General Education

Think You’re A Bad Test Taker? 10 Strategies That Can Help

Think You’re A Bad Test Taker? 10 Strategies That Can Help
We are all born with a fight or flight instinct, the basis for test anxiety. Image from Unsplash
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Alexandra Piacenza September 11, 2014

If you get the cold sweats the night before a big exam, or freeze up when you see a blank answer sheet, take a look at these tips and transform yourself from stress tester to best tester.

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If you read this title and thought “Yeah, that’s me” — here’s one instant way to start improving your test-taking skills — stop labeling yourself a “bad test taker”!

There is a bit more to it than that, but concentrating your efforts on good test taking strategies is likely to result in better test outcomes. The two areas to focus on are:

  1. Your mental/emotional state (including negative thinking!).
  2. Strategies to prepare for and actually complete a test. explains that no one is born a bad test taker. However what we are all born with is a fight or flight instinct, the basis for test anxiety.

When you regard a test as a threat, that automatic fear response kicks in and makes it much harder to recall and apply your knowledge. You may even experience distracting physical symptoms such as a queasy stomach, pounding heart, or headache. However, you can get and keep test anxiety under control.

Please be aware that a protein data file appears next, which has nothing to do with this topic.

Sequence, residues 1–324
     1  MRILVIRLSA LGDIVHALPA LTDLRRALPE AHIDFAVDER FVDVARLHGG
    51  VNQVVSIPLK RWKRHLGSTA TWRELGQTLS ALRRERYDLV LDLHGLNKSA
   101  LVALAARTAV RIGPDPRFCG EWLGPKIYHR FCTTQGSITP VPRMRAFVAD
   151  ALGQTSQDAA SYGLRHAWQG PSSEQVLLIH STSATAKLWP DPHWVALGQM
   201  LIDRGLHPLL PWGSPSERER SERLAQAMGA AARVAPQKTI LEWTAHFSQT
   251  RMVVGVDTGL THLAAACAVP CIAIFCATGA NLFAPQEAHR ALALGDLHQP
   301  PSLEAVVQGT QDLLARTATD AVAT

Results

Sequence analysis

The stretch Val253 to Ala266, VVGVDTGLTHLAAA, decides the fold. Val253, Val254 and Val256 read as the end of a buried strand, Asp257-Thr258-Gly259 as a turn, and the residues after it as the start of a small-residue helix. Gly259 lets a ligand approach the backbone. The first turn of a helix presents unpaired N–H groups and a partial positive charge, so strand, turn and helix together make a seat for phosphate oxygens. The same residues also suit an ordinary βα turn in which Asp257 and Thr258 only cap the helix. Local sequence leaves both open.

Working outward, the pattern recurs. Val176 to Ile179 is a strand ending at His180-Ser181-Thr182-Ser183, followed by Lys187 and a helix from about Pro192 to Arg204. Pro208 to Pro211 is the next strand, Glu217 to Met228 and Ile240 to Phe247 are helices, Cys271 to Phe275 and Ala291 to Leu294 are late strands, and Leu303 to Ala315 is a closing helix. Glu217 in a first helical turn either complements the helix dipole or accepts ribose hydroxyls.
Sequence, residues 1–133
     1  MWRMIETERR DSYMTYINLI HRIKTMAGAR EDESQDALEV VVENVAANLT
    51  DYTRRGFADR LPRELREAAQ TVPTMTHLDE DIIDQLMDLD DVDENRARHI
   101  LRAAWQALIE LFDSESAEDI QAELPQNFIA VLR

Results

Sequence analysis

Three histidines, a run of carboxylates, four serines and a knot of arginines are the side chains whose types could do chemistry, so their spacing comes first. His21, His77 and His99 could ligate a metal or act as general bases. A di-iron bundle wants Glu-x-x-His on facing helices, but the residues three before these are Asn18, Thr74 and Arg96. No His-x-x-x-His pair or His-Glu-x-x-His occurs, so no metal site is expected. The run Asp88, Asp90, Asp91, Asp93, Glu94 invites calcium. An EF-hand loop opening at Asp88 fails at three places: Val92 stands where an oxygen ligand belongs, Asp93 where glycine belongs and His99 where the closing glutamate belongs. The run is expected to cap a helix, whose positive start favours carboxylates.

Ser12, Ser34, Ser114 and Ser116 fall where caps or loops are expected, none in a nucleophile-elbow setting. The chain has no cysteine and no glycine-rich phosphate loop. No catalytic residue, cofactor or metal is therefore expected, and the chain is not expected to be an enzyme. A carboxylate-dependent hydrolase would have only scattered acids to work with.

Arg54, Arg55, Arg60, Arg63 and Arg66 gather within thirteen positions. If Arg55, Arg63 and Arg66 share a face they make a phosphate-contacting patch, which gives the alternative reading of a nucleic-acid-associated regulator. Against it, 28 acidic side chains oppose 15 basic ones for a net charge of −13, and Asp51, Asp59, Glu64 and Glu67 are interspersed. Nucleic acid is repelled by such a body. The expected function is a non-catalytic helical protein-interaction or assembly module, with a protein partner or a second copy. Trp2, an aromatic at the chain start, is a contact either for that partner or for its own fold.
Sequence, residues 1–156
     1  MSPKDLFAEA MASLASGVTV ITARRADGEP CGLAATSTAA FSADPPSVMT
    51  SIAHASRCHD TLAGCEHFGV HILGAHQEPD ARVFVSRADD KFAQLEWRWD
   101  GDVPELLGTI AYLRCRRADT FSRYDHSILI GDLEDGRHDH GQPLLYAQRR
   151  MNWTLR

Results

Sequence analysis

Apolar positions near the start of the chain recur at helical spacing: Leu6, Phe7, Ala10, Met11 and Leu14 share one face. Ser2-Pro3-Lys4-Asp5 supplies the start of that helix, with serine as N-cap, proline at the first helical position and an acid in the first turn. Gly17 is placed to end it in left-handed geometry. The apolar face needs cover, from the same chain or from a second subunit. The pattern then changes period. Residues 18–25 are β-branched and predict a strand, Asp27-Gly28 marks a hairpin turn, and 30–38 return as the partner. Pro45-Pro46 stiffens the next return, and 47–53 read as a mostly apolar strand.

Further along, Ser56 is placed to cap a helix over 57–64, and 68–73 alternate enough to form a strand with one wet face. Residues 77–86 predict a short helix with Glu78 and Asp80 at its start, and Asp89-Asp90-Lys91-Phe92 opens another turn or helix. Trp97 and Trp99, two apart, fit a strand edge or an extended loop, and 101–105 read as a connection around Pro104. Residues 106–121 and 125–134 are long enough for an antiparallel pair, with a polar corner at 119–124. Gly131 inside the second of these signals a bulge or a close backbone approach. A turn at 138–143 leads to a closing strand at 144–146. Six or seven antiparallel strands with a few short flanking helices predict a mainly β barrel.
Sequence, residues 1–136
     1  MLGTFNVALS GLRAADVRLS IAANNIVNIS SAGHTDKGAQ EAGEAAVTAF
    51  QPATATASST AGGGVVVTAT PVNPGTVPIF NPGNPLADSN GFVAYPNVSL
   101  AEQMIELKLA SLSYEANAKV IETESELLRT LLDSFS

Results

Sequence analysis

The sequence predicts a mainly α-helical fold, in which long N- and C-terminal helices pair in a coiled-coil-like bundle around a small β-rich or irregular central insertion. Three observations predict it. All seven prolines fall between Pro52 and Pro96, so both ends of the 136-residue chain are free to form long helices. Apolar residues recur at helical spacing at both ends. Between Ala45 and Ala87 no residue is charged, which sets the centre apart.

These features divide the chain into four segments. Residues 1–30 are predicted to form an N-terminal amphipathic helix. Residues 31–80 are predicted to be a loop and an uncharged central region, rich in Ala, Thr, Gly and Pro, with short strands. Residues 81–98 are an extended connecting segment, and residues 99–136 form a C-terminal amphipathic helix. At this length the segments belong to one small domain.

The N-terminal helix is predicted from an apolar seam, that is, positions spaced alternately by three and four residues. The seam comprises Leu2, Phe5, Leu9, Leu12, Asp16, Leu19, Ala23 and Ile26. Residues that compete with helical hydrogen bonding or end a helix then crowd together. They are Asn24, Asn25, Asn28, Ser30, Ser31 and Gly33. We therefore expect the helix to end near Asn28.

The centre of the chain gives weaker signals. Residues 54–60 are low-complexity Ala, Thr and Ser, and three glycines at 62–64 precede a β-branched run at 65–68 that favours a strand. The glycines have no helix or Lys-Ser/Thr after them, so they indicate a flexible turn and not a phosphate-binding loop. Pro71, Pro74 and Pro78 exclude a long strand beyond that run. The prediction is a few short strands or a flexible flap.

Attitude Adjustment

1. Ease up on the perfectionist attitude. Sure you want to do well, but perfect test scores are pretty rare. If you’ve prepared, you can expect a good outcome.

2. Say, “I choose to…” instead of, “I have to take this test.” Acknowledge that this is a step in your academic/life plan and take ownership of it.

3. Block out the ticking clock and other anxious students by using your mind’s eye to visualize a relaxing place like a sunny meadow or beach.

4. Think positively during the test. Mentally repeating a positive mantra both calms you down and induces a positive attitude. You might try “I’m calm and confident” or “I remember what I’ve studied.”

5. Clean out any doubts that are planted in your mind by others. Write down the comments of any downers you’ve heard and provide a positive answer to them, then wad up the paper and throw it away!

Test Preparation

1. Practice good study habits like having a comfortable well-lit study area and eliminate distractions like music or television noise.

2. Don’t cram for a test the night before; it really won’t help since you won’t have time to process the information into memory.

3. Get a good night’s sleep and eat a healthy meal beforehand. Protein is brain food; sugar will just give you a brief burst of energy followed by a low.

4. Start with the questions you find easiest to answer while taking the test.

5. Use the process of elimination for multiple choice questions and scratch out wrong answers.

Chuck those negative labels and you are on your way to becoming a great test-taker!


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